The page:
So, as we enter the primaries, what are the best case scenarios for Reagan Republicans like me?

First, the White Knight Scenario -- but this hasn't worked out.  Seeing no Reagan in the field, we tried to recruit a reaganesque hero to come and save the day.  First there was Mitch Daniels, followed by Bobbie Jindahl, Chris Christie, Paul Ryan, and Marco Rubio, but they all said now was not their time. The good news about this, however, is that it shows that conservatives have a deep bench.  Mike Huckabee is another conservative Republican who does have the talent to articulate a transformational conservative vision.  But he does not seem to have the fire in the belly. And this is a prerequisite; great leaders have an overwhelming calling.

So, the second scenario is that Romney will become a transformational leader.   He can lead a realignment but not in the way Reagan did, which is the way it should be -- McKinley was no Lincoln, and Reagan was no McKinley.  Reagan's message resonated for us because we were dealing with the Cold War and the New Left counterculture.  But the young generation, generation Y or Z, or whatever they are calling them now, has a new set of problems and issues.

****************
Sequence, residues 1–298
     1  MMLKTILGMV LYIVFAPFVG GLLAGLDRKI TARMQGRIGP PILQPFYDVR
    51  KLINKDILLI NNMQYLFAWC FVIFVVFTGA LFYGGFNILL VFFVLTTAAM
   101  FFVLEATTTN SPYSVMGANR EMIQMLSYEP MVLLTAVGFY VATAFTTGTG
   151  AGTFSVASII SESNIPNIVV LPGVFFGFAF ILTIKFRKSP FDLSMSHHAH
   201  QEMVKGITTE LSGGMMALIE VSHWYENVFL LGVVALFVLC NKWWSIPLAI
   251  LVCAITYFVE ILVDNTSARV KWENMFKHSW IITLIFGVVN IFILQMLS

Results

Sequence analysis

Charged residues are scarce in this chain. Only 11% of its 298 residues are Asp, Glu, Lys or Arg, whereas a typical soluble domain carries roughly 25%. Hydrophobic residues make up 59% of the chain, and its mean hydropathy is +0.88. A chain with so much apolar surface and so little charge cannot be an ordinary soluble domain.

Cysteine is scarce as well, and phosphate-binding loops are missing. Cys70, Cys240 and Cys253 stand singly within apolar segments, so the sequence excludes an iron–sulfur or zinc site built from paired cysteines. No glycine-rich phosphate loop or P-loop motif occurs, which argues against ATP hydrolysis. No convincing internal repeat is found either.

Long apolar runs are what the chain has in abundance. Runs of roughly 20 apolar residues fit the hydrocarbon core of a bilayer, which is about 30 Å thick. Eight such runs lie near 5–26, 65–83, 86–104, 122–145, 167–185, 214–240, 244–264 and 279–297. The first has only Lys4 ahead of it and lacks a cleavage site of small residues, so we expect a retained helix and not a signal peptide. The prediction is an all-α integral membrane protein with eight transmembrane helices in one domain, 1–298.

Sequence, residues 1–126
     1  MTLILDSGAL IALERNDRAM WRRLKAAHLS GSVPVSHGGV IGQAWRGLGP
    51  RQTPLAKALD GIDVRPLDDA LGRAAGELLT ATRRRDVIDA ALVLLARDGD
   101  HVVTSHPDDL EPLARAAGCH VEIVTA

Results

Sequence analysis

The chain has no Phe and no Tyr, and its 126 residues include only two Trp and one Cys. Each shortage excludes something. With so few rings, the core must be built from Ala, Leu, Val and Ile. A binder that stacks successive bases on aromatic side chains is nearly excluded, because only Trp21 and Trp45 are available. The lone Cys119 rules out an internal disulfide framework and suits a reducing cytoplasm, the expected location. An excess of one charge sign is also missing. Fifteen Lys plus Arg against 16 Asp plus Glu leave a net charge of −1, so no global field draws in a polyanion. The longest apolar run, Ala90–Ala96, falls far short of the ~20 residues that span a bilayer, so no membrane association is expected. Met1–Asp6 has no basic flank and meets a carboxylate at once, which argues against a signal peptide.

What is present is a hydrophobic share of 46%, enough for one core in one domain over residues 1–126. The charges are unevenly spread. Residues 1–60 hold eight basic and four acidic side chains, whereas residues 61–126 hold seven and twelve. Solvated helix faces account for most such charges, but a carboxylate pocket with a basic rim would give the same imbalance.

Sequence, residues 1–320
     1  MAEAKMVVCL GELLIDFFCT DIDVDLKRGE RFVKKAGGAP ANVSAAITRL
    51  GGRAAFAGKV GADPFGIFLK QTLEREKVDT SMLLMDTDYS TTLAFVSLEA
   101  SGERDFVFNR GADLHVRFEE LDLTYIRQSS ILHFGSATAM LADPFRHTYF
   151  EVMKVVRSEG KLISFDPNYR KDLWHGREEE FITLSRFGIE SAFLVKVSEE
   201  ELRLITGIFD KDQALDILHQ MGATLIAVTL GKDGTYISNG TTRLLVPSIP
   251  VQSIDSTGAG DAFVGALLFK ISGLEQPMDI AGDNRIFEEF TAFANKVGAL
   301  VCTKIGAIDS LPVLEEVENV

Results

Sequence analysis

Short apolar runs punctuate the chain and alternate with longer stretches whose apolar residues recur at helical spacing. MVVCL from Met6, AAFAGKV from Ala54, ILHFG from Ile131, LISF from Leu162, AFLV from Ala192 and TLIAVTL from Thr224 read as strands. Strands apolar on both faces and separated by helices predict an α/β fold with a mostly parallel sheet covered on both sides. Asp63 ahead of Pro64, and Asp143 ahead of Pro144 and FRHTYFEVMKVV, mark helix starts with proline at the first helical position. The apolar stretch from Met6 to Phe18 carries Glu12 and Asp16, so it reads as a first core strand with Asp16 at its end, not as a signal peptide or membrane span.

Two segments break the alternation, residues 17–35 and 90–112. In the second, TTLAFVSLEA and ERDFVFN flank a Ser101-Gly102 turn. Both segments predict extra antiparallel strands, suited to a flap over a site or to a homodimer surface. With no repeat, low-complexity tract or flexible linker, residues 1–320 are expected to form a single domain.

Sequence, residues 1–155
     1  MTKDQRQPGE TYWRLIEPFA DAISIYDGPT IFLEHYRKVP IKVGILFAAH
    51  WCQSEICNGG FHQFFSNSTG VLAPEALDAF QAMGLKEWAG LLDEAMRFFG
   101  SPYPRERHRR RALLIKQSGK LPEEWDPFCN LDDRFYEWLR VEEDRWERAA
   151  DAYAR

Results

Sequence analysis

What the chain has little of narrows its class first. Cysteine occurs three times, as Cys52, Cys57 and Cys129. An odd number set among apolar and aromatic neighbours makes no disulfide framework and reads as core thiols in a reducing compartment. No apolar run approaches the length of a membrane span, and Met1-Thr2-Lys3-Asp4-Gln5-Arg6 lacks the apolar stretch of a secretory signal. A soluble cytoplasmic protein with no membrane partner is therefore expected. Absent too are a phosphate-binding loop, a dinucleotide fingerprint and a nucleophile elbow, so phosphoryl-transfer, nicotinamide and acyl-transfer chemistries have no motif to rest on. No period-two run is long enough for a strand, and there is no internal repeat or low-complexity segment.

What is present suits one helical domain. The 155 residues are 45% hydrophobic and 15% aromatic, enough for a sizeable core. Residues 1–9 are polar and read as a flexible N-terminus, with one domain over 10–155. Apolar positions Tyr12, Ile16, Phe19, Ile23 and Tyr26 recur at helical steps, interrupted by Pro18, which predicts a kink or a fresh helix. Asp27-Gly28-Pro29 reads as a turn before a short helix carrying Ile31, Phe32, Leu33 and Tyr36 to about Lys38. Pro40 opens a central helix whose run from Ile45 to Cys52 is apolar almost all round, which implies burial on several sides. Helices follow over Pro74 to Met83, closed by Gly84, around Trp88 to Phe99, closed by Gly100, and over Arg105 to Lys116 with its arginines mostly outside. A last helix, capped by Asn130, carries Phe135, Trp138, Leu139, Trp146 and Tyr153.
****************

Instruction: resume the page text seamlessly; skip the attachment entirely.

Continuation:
They grew up on computers and they are happiest when systems work probably.  Apple is almost a religion to some of them because it actually works, and it works in a simple, elegant way.  But now they see themselves in a world that is obviously broken, malfunctioning, defective, and prone to crash.  If Mitt Romney, perhaps with Newt Gingrich as his VP, can fix our economy and fix our government, using simple conservative principles, he could be just as inspiring and transformational as Reagan was to us.

As followers of Reagan, this second scenario is our best path. We must rally behind Romney.  He, along with the new batch of young leaders, will create a new conservatism, based on problem-solving using conservative solutions, that will have meaning for the young generation and that will help them make a better future.  As Reagan said, "America's best days are yet to come.  Our proudest moments are yet to be.  Our most glorious achievements are just ahead."